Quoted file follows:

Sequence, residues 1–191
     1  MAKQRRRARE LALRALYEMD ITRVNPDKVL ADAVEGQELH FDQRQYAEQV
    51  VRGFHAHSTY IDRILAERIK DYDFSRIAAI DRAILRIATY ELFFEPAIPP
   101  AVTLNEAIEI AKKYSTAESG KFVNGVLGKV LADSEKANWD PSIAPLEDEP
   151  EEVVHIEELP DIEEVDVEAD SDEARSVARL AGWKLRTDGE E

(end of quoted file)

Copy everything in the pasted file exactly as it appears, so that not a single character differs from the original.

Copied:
Sequence, residues 1–191
     1  MAKQRRRARE LALRALYEMD ITRVNPDKVL ADAVEGQELH FDQRQYAEQV
    51  VRGFHAHSTY IDRILAERIK DYDFSRIAAI DRAILRIATY ELFFEPAIPP
   101  AVTLNEAIEI AKKYSTAESG KFVNGVLGKV LADSEKANWD PSIAPLEDEP
   151  EEVVHIEELP DIEEVDVEAD SDEARSVARL AGWKLRTDGE E